As we progress along our career path there comes a time when we question if our current job is what we really want to be doing for the rest of our lives. We’ve grown up hearing stories about how our family members have been with the same company for 20-30 years and expected our careers to be the same. Once we enter the job force ourselves, however, it becomes clear how rare this actually is.
These days, the average employee changes jobs 10-15 times throughout his or her entire career. Gone are the days where someone spends an entire career with the same company. This means that at some point or another, you’re going to be looking for a new job (for whatever reason), potentially in a completely different industry.
If you’ve decided that you are ready to make a career change, one of the most important things you need to do before applying to jobs is to update your resume. You have likely gained valuable experience since your initial job-seeking days, so your resume should reflect that! Our friends over at TopResume recommend including seven key elements to refresh your resume during a career change. In this article, we’ll highlight a few of these elements. To read the full article, click here.
Achievements are quantified where possible.
A common piece of advice heard in writing classes is “show, don’t tell.” When you’re listing your achievements on your resume, remember this phrase. For example, if you helped increase the number of followers of the company’s Twitter account, you should definitely include this on your resume – especially if it is applicable to the job to which you’re applying. There are a few ways you could list this on your resume:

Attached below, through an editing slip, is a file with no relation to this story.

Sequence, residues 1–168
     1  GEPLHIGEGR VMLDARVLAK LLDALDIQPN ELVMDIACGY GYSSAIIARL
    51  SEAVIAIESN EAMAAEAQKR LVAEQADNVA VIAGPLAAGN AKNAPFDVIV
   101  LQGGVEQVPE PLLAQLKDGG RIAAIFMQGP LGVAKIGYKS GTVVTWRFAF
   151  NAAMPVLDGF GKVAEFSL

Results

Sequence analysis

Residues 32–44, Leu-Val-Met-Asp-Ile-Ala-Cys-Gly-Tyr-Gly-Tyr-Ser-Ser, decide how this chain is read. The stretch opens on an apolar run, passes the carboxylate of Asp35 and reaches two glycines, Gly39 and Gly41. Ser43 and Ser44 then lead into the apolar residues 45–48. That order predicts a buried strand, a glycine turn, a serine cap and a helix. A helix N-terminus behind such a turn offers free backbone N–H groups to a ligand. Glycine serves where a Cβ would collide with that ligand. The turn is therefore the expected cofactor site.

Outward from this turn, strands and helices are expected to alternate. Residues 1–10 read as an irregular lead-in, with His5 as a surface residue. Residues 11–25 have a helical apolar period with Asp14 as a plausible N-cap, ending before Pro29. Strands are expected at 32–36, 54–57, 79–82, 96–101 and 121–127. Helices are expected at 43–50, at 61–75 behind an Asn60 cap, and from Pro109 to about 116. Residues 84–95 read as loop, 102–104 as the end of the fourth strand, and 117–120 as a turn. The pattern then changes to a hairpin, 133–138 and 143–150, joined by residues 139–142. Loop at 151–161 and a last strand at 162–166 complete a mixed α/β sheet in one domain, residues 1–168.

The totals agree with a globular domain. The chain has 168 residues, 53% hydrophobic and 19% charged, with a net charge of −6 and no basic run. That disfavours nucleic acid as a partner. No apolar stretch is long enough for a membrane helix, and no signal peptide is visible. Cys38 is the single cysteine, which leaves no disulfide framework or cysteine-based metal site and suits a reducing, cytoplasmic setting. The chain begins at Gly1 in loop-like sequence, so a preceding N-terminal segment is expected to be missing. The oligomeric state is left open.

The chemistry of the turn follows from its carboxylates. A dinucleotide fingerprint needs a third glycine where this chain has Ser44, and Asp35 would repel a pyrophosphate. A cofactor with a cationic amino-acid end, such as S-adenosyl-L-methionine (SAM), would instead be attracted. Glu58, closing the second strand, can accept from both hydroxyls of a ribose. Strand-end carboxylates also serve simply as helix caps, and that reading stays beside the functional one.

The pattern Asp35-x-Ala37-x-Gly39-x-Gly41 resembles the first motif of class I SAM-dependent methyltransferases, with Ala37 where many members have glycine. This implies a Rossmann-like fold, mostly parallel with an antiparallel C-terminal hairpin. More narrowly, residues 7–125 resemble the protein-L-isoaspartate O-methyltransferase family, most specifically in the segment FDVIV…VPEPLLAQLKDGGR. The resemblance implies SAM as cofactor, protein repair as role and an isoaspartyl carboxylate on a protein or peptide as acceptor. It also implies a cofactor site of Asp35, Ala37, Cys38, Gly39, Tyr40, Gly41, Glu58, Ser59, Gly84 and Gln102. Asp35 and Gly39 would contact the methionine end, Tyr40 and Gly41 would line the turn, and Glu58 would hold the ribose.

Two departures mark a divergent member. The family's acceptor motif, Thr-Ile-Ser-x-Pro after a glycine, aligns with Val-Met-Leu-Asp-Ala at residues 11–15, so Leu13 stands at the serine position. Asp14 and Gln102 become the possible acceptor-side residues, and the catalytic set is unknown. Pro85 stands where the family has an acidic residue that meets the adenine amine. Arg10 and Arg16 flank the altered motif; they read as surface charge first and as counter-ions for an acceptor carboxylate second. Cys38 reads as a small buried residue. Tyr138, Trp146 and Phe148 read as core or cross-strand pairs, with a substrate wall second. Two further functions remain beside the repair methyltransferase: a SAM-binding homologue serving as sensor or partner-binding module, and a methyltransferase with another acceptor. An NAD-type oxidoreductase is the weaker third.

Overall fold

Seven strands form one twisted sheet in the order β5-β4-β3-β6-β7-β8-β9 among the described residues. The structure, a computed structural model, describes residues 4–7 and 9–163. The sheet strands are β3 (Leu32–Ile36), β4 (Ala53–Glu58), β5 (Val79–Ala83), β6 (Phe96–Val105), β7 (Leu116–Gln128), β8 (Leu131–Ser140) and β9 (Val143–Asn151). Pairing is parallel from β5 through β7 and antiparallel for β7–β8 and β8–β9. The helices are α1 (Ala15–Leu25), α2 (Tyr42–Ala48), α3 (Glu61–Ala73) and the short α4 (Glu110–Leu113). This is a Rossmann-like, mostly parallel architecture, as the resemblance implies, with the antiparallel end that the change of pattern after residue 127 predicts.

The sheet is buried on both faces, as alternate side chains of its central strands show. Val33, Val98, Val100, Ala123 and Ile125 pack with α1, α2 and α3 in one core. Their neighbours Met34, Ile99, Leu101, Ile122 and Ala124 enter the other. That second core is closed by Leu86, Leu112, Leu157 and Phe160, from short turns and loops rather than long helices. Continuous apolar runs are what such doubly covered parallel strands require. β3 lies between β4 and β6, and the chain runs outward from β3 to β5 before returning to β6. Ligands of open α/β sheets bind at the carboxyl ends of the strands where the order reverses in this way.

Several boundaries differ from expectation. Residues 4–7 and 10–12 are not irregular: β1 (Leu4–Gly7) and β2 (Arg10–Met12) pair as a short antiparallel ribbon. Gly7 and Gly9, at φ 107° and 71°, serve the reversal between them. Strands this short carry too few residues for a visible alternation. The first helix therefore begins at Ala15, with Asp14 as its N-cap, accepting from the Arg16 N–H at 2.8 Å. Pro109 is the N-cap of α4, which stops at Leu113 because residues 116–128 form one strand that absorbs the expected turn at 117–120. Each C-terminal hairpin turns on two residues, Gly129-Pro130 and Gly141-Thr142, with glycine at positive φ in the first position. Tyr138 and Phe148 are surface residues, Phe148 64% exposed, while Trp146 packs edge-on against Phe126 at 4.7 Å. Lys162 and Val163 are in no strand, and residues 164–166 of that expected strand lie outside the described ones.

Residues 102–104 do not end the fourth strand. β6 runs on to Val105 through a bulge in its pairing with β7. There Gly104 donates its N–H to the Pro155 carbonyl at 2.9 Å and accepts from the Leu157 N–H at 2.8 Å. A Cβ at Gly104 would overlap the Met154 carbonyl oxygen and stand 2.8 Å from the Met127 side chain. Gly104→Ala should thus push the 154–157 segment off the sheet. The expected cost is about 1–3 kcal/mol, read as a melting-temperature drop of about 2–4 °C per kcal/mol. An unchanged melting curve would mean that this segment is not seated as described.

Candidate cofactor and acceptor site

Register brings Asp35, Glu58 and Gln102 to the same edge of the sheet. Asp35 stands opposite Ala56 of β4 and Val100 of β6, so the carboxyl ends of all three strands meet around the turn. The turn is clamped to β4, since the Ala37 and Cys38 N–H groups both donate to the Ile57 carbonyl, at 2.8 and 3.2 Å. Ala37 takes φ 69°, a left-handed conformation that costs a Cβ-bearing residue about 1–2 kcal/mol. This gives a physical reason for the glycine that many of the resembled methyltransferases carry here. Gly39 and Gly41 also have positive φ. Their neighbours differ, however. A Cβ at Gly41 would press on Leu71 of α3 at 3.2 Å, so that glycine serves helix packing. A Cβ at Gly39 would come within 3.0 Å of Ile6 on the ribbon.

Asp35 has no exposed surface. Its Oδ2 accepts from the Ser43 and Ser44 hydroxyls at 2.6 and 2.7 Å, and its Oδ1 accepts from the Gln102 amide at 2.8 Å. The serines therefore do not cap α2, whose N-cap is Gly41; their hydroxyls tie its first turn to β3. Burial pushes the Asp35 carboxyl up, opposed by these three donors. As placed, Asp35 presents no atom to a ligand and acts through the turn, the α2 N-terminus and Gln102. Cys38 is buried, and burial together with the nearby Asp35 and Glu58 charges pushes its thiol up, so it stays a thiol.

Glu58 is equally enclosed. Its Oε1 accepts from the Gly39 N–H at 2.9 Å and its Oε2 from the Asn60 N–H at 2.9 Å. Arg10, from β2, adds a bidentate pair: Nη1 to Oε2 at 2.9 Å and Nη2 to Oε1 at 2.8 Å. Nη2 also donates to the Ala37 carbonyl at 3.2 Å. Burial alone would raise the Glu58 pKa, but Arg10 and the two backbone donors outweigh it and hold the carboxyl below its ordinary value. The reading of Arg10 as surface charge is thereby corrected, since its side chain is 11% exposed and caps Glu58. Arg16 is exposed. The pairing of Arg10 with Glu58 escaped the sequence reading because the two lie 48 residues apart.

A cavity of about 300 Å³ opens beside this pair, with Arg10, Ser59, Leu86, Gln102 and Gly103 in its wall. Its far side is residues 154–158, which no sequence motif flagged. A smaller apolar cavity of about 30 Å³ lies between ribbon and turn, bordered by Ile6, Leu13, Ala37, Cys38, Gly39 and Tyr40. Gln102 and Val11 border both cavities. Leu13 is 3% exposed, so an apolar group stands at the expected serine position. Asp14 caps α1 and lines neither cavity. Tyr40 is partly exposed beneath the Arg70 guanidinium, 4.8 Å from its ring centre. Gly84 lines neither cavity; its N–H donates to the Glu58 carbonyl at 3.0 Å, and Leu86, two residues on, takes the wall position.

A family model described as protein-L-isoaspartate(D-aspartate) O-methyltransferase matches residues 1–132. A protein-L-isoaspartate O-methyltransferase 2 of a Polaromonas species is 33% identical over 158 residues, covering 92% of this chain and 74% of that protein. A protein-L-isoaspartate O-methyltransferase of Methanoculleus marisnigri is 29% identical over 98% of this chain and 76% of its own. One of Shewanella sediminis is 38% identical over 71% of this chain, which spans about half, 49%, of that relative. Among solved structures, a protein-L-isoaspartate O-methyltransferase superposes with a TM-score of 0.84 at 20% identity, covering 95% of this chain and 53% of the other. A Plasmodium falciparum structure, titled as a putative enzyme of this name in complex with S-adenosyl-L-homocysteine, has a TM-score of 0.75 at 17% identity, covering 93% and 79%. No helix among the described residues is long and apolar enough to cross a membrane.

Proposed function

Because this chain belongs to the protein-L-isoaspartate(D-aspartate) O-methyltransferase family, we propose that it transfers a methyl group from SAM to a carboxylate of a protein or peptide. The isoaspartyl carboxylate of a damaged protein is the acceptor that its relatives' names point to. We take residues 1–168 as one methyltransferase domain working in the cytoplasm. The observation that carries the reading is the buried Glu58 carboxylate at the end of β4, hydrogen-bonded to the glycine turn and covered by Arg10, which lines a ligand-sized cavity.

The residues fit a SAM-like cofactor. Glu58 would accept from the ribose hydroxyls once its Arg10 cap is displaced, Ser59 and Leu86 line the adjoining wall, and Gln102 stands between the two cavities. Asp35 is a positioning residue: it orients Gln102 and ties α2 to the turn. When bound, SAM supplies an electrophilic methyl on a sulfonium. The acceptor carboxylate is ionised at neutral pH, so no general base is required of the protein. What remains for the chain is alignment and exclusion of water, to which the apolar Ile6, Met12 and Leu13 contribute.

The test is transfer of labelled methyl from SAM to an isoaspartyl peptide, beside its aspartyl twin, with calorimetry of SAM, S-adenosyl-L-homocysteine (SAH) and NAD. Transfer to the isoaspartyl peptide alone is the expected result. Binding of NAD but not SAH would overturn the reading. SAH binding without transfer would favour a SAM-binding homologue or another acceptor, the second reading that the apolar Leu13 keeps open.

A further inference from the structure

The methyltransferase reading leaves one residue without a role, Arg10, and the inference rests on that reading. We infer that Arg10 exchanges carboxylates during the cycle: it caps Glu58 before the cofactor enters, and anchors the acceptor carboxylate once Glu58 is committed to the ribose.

- “Increased the amount of followers for ‘Company X’s’ Twitter account.” Good
- “Increased the number of followers for ‘Company X’s’ Twitter account by 15 percent since coming aboard.” Better
- “Increased the number of followers for ‘Company X’s’ Twitter account by 15 percent (1000 to 1150) in two months.” Best
Whatever the case may be, quantifying your achievements allows the employer to see tangible results of your work.
The emphasis is placed on the job seeker’s most recent work experience.
As mentioned before, it is common to hold 10-15 jobs throughout one’s career, so because of this you likely have multiple jobs on your resume. You can probably list everything you’ve done under each role, but for the sake of brevity (and for the hiring manager’s sanity) you can limit the various descriptions to a few bullets. The exception is your most recent or current role, as this is the one that should have the longest description.
The “Education” section is at the end of the resume.
When looking for your first job, the common advice is to have your education at the top of your resume, to signify that you are a recent graduate. When searching for entry-level jobs, your educational experience can be a selling point and open the door to opportunities. However, after securing your first “real job” the common practice is to move your educational information to the bottom of your resume. This is due to the fact that your work experience and skills gained are usually a bigger selling point when searching for mid-level opportunities.
According to the Bureau of Labor Statistics, the average worker will hold 10 different jobs before the age of 40, with that number increasing to about 12-15 in the next few years. This means that assuming you enter the workforce upon graduating from college (usually around 22 years old) you are switching jobs every 1.8 years. Because of this, it is important to keep your resume updated with relevant information. While it has been said that “it is easier to get a job when you have a job,” the job search is nonetheless still a time-consuming process. By utilizing these tips from TopResume, it will be easier for you to decide your next career move.